At the time of this post, the telescope’s temperature was approximately -200°C on the shade side in a 60°C on the sunny side.
Since JWST monitors infrared light, it is important that the telescope is as cool as possible to avoid noise in the signal. Hence the sunscreen: to absorb a lot of heat. The telescope temperature will decrease slightly by itself, then the temperature will decrease by active cooling 7 degrees Kelvin (-266 degrees Celsius). If you’re not familiar with Kelvin: The Kelvin scale has the same Celsius scale: that is, one degree Celsius is also one degree Kelvin warmer, but point 0 is in a different place. 0°C (273°K) is the temperature at which water freezes at sea level. 0 K is often called “absolute zero” because 0 K is the coldest thing a substance can be. So 7 degrees Kelvin equals 7 degrees Celsius / Kelvin is above 0 degrees Kelvin.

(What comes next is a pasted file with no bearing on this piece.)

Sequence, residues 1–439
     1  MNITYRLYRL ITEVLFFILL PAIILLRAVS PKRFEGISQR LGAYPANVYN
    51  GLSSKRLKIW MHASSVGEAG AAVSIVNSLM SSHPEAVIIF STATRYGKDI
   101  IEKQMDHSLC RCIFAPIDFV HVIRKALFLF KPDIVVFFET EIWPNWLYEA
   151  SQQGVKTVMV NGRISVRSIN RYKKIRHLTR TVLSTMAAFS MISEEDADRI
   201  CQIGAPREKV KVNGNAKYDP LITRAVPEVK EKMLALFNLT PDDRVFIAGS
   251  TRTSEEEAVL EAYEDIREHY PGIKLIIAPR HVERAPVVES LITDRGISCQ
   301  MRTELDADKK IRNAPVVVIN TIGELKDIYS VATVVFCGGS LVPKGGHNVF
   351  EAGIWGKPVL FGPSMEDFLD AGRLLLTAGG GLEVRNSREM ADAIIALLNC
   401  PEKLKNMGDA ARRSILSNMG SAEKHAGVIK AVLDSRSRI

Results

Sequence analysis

Therefore, the shade side becomes 7 degrees warmer than the coldest possible temperature according to the natural sciences. I can’t imagine how warm the sunny side was.
Live temperature readings can be found here: https://www.jwst.nasa.gov…bbLaunch/whereIsWebb.html
[Reactie gewijzigd door Dexcuracy op 4 januari 2022 22:34]
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